NBC News reported today that major U.S. law firms were joining hands to fight Republican vote suppression efforts in the states.

They will join a corporate pushback to laws passed after the Republican loss of the Senate and White House in 2020.


Arkansas has been no exception, though it hasn’t drawn the same attention for a roster of bills intended to make it much harder to cast an absentee ballot, to reduce early voting and to place in Republican hands the means to take over local election operations they don’t like (think Pulaski and Jefferson counties, both Democratic strongholds.) They’re additionally hoping to make it all but impossible to put proposed laws and constitutional amendments on the ballot with draconian rules on canvassing.

So I asked on Twitter this morning if any Arkansas lawyers were interested in joining this effort. I got a positive hand signal from Tom Mars, the former State Police director. And also this from an announced Democratic candidate for attorney general, Little Rock lawyer Jason Davis. He’s interesting because he was once a Republican appointee to the Pulaski County Election Commission and has been a critic of the new Republican leadership. Laws proposed by Pulaski Republicans would wrest control of the election staff from the county judge and put it under control of harshly partisan Republican commissioners, with a backup for complaints to the partisan state Board of Election Commissioners.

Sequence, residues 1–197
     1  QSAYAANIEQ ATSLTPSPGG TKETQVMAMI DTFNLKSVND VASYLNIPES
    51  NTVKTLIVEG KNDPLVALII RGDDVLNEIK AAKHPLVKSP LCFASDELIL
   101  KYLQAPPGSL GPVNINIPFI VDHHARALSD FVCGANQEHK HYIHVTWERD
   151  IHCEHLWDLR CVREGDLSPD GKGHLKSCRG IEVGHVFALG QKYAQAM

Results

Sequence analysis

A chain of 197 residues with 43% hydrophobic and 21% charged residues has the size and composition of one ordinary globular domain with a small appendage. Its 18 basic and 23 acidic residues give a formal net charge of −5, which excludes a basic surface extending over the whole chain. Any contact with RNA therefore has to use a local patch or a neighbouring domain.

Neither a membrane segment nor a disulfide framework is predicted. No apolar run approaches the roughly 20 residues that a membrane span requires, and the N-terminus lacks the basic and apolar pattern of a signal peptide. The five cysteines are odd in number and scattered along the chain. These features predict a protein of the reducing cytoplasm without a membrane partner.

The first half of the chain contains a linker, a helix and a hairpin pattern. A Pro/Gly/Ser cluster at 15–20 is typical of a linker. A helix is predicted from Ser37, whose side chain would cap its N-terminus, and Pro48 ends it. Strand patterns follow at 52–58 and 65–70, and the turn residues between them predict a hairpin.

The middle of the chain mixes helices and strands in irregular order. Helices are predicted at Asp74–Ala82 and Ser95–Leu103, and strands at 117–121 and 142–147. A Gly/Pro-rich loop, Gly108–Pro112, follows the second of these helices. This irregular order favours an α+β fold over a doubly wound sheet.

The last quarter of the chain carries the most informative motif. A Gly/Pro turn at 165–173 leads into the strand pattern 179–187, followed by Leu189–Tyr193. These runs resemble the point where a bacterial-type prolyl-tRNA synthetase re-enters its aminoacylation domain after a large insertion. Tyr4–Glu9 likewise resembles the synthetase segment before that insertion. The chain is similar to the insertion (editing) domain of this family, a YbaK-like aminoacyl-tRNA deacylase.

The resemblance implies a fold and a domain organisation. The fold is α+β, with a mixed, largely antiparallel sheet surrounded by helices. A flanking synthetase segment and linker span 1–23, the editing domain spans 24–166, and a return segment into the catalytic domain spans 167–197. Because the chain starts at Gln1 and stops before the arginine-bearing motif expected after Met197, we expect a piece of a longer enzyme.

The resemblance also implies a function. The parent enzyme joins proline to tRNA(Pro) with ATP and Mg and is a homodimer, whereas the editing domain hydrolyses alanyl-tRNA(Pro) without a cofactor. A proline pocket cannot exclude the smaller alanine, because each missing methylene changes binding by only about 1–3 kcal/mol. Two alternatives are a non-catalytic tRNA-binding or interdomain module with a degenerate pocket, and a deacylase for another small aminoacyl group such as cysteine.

UPDATE: The vote suppression agenda flooded out of the House today. One bill requires a court action to see election materials before an election (a way, potentially, to see where ballots could have been corrected and counted). Another removes the elected county clerk from the process of establishing vote centers, a means used in many states to shut down neighborhood polls, creating obstacles for poor voters. It also passed the bill preventing anyone from getting within 100 feet of a poll, unless going to vote. The bill would make it illegal for someone to give a bottle of water to someone standing in a long line waiting to vote. Republicans say this could amount to electioneering and people should just bring their water. Rep. Vivian Flowers said the legislation was just another barrier to voting.


“Some people go to their polling place and have no idea they’ll encounter a line to vote that expands around the courthouse, but they’re there.” It could be her mother, she said, using a walker and facing hours in line. “It would be a struggle. Why in the world would we create legislation barring a volunteer without any campaign information or any electioneering … to provide water or sandwiches? Where does it stop? That is not electioneering, not within 5 feet, not within 100 feet.”

Rep. Karilyn Brown, a sponsor, said the bill was not hateful, just a way to prevent people from “hanging around” the door to a poll. The suppression bill passed, of course, with 74 votes.

The Senate was busy, too, approving more barriers to absentee voting and expanding legislative review over election complaints — as if the existing Republican-controlled process won’t be enough to achieve partisan aims desired.